Goals of the operational due diligence were to fully understand the target company's logistical infrastructure and capabilities; look beyond the financial and legal due diligence for the 21 terminals; and attempt to discover any hidden surprises that may affect "go" / "no-go" decision making and negotiations between the parties. In addition, identification of key risks and opportunities that may affect long term deal success (revenue, cost, etc.) and recommendations for the integration of the distribution and logistics functions were expected outcomes of the assessment. Highlights of an operations assessment conducted in a matter of days yielded insights in the areas shown in Exhibit 2.
Exhibit 2: Logistics Case Study
In the transportation and logistics industry, the successful companies do a particularly good job of filling customer orders quickly, accurately and efficiently. As the engagement team was investigating the target's use of technology within their terminal operations, including its use of Warehouse Management System (WMS), Radio Frequency (RF) technology, Bar Coding, Electronic Data Interchange (EDI) and Automated Material Handling Equipment, an item was discovered that would have been
missed with a due diligence scope limited to financial and legal detail.
As it so happens. the target company had invested in an integrated logistics platform technology. This web based technology enables the lead logistics provider to communicate with all their transport providers through a single real-time interface. This connection is made through the internet, and is robust and reliable. This platform allows the transport providers to provide regular updates on shipment status throughout the life cycle of the shipment.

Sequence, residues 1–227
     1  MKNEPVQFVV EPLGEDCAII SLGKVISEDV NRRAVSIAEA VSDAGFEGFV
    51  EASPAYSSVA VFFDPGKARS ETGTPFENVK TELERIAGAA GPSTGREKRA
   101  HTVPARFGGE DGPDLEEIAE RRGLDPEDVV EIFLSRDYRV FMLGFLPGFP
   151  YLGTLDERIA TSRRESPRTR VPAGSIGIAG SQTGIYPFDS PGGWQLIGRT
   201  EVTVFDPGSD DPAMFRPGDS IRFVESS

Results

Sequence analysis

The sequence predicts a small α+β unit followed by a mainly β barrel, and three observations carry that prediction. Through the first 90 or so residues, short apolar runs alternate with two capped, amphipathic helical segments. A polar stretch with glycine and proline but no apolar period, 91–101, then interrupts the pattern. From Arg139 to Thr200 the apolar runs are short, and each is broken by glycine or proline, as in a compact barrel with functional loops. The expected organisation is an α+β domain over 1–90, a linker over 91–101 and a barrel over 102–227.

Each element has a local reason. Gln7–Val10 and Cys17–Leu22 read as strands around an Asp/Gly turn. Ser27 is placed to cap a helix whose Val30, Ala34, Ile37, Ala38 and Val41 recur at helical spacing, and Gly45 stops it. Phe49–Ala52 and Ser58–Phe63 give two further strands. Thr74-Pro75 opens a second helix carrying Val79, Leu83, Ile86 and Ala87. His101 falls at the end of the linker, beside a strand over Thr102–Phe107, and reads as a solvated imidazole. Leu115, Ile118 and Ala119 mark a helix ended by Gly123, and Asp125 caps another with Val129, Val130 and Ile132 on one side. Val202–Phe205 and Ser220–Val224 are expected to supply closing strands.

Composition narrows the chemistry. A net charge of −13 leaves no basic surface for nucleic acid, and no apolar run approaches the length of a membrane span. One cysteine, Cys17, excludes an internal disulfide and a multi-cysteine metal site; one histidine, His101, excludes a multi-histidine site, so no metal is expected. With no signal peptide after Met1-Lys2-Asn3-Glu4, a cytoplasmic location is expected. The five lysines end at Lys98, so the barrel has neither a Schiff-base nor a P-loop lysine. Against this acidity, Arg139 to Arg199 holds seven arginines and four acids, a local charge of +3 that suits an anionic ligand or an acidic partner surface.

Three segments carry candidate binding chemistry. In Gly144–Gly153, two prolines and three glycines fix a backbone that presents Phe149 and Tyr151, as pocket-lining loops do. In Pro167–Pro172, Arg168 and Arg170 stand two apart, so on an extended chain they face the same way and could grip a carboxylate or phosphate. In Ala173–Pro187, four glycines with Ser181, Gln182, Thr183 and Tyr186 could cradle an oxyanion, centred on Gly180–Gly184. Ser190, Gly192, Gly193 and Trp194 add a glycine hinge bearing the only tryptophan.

This allows for pro-active notification in the event of delays or incidents. This ensures that transport providers are able to accept or reject the shipments allocated to them. And through the logistics platform they are able to proactively notify the lead logistics provider in the event of delays or incidents en route.
As a result. the acquirer's new found technology enabled for a system wide upgrade which produced efficiencies many more times than originally anticipated. In addition, had the detail gone unnoticed through the transaction, the very core of the target's operational superiority would have been destroyed as part of the transaction and the resulting M&A failure would more than likely have been chalked up to one of the top ten excuses used to explain M&A failures captured in Exhibit I.
On average, 80 percent of newly-merged or acquired businesses
fail within 18 months of closing. The majority of these failures do not take place because of poor financial valuations or auditing skills. Based on root cause analysis of over 200 cases of failed mergers, a majority of failures can be directly linked to failure to discover, assess and account for operational risks inherent in business and work processes.
This strongly suggests that operational risk should be included in future due diligence audits for proposed mergers and acquisitions of all sizes. In order to reveal key interrelationships, disconnects and higher order synergies between operations-based functions, it is crucial to gather critical operational-based intelligence.
An operations assessment can meet this charge by using an integrated and repeatable process; examining business activities, processes, and operations in a comprehensive manner, and aligning the due diligence activity and intelligence with the decision-making time line and goals of the acquisition and/or merger.